• 11. SSL Encryption Issues • SSL is a trusted, secure protocol for encryption and authentication. • Dan Kaminsky presented on problems with X.509 certificates, which are used for SSL encryption and authentication. • X.509 certificates use an outdated and weak cryptographic hash function, MD2. • VeriSign, the leading provider of digital certificates, downplayed this announcement, saying that they no longer use MD2. • Regardless, businesses have invested millions of dollars in X.509, and yet it suffers both from technical and structural issues. 11
  • 12. SSL Encryption Issues (cont.) • In a similar presentation, security researcher Moxie Marlinspike showed how an attacker could spoof SSL certificates. • Marlinspike was able to trick a Web browser into accepting code, which can give an attacker a number of attacks to perpetrate. 12
  • 13. Fake ATM/Card Skimmer • A card skimmer was installed on an ATM near the hotel that the Black Hat Conference attendees were using. • Chris Paget, an security expert for Google, was attending the conference when he discovered the device and reported it to authorities. • This follows the recent report of a complete, working, fake ATM that was placed at the DefCon convention. • Coincidentally, a presentation about this banking technology was pulled in order to give the affected vendors time to resolve the issue. 13
  • 14. Conficker Discussion • Conficker is a computer worm that infected up to 10 million machines. • The botnet had an activation date of April 1, 2009, but nothing happened after all. • The security community is still trying to track down the perpetrators. • Conficker uses numerous advanced malware techniques to avoid detection and deletion. • A presentation about the Conficker worm was censored to avoid tipping off the malware’s authors. 14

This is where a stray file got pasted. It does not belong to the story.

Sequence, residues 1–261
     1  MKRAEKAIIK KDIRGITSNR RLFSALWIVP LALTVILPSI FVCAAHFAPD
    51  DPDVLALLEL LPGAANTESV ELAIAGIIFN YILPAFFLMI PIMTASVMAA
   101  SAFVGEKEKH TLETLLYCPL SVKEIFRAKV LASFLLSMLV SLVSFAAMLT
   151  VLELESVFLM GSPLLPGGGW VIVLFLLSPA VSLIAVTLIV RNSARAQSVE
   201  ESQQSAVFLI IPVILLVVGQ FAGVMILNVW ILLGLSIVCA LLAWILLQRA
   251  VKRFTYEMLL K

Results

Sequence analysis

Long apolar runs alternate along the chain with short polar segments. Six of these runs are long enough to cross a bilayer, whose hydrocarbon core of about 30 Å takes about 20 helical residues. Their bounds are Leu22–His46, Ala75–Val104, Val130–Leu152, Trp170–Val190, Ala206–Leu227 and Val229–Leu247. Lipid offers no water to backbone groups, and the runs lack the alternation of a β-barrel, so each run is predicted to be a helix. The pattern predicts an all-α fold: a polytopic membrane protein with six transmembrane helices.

• 15. Expected Trends • What are customer and vendor plans for SSL communications? • What this SSL vulnerability means for browser developers. • Attackers continue to become increasingly nefarious, while their tools grow in sophistication and complexity. • Is criticism of factory installed grayware warranted? • Mobile phones are the next major platform to be targeted for attacks. • How will cell phone manufacturers react to these security threats? • Who’s responsibility is it to secure third-party apps? • The security industry is becoming more responsible and cooperative in its efforts of defeating hackers. 15
  • 16. Major Industry Participants 16
  • 17. Key Conclusions • The demand for original vulnerability research will only grow as the race to defeat hackers intensifies. • Key Internet infrastructure still has high risk vulnerabilities that have not been fixed yet. • As mobile devices become more connected and powerful, these devices will become primary targets of hackers. • Mobile phone developers generally have less experience with QA and security testing, which may leave this attack vector exposed. • With mobile devices, third-party applications are unregulated, which introduces a critical attack vector. • Responsible reporting and cooperation indicates an immense potential for success against cyber threats. 17
  • 18. Next Steps Request a proposal for a Growth Partnership Service to support you and your team to accelerate the growth of your company. (myfrost@frost.com) 1-877-GoFrost (1-877-463-7678) Register for the next Chairman’s Series on Growth: The Growth Excellence Model: Competitive Benchmarking & Growth Investing (October 6th) (http://www.frost.com/growth) Register for Frost & Sullivan’s Growth Opportunity Newsletters and keep abreast of innovative growth opportunities. (www.frost.com/news) 18
  • 19. Your Feedback is Important to Us What would you like to see from Frost & Sullivan? Growth Forecasts? Competitive Structure? Emerging Trends? Strategic Recommendations? Other? Please inform us by taking our survey. 19
  • 20. For Additional Information Jake Wengroff Craig Hays Global Director Sales Manager Corporate Communications Information & Communication (210) 247-3806 Technologies jake.wengroff@frost.com (210) 247-2460 chays@frost.com Robert Ayoub Industry Manager Network Security (210) 247-3808 robert.ayoub@frost.com 20